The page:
o Does not shrug shoulders
to show s/he ‘doesn’t know’
(b) If child can speak, cannot start or hold up their end of a
(c) May echo phrases, words, songs, parts of movies etc.
(d) Does not engage in imaginative play (as peers)
o Will not pretend to
drink from toy teacup
o Will not pretend to
brush doll’s hair
o Will not use items
for make belief (i.e. a stick for a cane or a magic wand)
o Will not make dolls
‘talk’ to each other
o Will not take a toy
airplane and ‘fly’ it around the room while saying ‘zoom’
(3) BEHAVIORS AND INTERESTS
Repetitive behaviors, interests, and activities – child may
get angry if this ‘pattern’ is interrupted. Must have at least ONE of the below symptoms:
(a) Child is so focused on an interest that to remove the interest
will result in a meltdown
(b) Routines or rituals must be followed, they appear to have no
o Lining up cars is not necessarily
playing ‘garage’; if you attempt to join in, the child will tantrum, walk away, push you aside, etc.
o Family members must always sit
in same seats; failure may result in tantrum
o Must take same route home; one
deviation may cause meltdown
o Must wear red shirt on Tuesday
or risk a tantrum etc
o If you go to the video store, you
must rent “The Brave Little Toaster” every time or risk a tantrum
(c) Repetitive behavior such as hand flapping, rocking, ear flicking,
chewing on clothing, vocal ‘stims’, spinning etc. Establish if this is self-stimulatory by doing a functional
assessment like the Durand Motivational Assessment Scale: http://www.monacoassociates.com/mas/MAS.html
(d) Preoccupied with parts of objects
o Spins wheels of toy cars
o Focus on one part of a toy (i.e.
o Cover parts of book so that s/he
can look at one piece
B. Child is either delayed (not same ‘age’ as peers)
or acts differently from peers in ONE of the following (must be noticeable before age three): (1) social interaction, (2)
language as used in social communication, or (3) pretend play.
C. Child does NOT have Rett’s or Childhood Disintegrative
299.80 Pervasive Developmental Disorder, Not Otherwise Specified
PDD-NOS is a diagnosis by exclusion. If a child presents
with some symptoms from (1), (2), and/or (3), and their pattern of symptoms is not better described by one of the other PDD
diagnoses (i.e., Autistic Disorder, Asperger’s Disorder, Rett’s Disorder, or Childhood Disintegrative disorder)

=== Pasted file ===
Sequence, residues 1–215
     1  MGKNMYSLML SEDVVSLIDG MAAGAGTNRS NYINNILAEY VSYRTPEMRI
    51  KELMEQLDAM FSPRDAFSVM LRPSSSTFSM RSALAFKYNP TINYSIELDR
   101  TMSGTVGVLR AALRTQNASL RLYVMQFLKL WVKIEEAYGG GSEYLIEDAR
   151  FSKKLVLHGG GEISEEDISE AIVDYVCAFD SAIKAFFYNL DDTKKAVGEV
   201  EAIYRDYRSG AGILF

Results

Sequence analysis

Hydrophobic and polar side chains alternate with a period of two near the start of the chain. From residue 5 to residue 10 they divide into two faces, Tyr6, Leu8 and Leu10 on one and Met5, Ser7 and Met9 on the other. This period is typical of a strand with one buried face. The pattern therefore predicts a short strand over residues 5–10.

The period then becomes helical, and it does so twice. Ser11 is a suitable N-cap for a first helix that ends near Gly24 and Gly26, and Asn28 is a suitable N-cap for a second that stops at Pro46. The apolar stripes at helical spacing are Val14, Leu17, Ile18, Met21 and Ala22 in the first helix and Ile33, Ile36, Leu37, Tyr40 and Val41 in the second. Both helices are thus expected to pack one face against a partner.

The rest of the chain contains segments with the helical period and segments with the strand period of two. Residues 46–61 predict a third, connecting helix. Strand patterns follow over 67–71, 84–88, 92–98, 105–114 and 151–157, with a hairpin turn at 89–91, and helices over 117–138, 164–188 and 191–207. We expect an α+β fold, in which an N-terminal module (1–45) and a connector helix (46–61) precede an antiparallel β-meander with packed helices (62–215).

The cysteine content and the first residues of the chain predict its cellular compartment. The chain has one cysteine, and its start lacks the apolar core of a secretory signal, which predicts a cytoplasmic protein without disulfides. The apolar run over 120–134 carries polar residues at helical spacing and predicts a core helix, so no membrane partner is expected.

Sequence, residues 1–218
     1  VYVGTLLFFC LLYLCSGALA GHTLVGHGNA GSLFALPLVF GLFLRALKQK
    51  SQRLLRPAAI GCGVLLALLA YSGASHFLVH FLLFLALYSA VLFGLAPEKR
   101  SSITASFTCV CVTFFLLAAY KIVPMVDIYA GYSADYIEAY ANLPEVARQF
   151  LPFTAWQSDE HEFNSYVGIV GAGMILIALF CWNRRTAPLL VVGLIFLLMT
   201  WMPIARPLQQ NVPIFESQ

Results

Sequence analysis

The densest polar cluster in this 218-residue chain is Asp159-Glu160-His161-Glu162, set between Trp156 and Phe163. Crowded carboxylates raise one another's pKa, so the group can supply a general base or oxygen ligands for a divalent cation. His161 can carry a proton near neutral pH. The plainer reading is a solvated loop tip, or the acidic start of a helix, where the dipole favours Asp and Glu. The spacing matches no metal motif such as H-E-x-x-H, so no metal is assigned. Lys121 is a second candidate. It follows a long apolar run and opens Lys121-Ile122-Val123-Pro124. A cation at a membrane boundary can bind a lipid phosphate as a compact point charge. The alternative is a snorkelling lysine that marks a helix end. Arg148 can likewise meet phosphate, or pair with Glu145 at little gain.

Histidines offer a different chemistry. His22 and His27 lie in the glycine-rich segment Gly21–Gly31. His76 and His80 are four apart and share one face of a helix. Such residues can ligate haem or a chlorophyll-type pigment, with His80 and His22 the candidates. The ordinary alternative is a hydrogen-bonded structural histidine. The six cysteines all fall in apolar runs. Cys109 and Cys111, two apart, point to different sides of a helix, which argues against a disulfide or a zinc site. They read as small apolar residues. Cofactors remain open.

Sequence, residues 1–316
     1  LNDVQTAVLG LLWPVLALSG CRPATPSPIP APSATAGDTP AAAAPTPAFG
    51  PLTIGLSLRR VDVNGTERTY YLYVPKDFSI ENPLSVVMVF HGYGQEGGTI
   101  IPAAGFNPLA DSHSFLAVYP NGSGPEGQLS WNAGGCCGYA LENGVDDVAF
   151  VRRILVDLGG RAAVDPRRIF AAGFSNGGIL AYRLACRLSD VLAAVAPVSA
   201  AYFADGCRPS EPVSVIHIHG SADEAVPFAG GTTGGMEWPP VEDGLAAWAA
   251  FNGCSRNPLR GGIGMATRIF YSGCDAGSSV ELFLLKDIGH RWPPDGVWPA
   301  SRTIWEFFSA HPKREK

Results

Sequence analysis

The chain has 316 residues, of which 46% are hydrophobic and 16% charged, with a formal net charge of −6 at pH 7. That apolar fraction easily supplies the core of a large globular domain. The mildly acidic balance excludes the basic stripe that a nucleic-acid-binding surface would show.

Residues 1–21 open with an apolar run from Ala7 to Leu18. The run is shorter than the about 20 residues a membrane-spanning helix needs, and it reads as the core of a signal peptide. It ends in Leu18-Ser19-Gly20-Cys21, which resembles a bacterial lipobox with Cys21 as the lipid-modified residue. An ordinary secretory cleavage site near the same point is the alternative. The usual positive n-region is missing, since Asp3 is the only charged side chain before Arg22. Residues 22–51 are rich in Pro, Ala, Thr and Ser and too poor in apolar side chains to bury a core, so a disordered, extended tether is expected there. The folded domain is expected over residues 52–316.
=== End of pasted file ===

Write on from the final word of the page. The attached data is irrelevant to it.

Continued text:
then a professional might decide that a diagnoses of PDD-NOS is warranted.
When comparing PDD-NOS to Autism, PDD-NOS is used when a child
has symptoms of autism as above, but not in the configuration needed for an autism diagnosis. Social component is where
the most impairment is seen. Children who fail to meet criteria for autism and don’t have adequate social impairment
typically have a developmental disability, and their symptoms can by accounted for by that.
Looking at above description:
“299.00 Autism - To be diagnosed
with autism, you must have at least 6 of the below symptoms from (1), (2) and (3). You must have two symptoms from (1)
and one each from (2) and (3) – the other two can be any of the other symptoms.”
PDD-NOS is most often diagnosed when children have significant
social impairments, but don’t have the symptoms in area (3). A child with PDD-NOS may have the same (or more,
or less) number of symptoms as a child with autism, but instead of having 2 from #1 and one each from #2, the child might
have 1 symptom from #1 and one from #2, plus two from #3.
A diagnosis of PDD-NOS is not necessarily a less-severe one than
a diagnosis of autism, but can be sometimes.
Severity of any spectrum disorder can be determined by the amount
and severity of symptoms listed above.
It is imperative to obtain a thorough psychological assessment
performed. If you do not understand during any part of the assessment, ask questions. You should feel comfortable
to go home and ‘digest’ the information given to you, form any questions or concerns and contact the diagnosing
clinician to get your answers.
Many thanks go out to R.C. for her help with this project!
A notice to our readers...
This document was put together with input from parents, not physicians.
It is not to be used as a diagnostic tool, nor is it to be considered professional advice.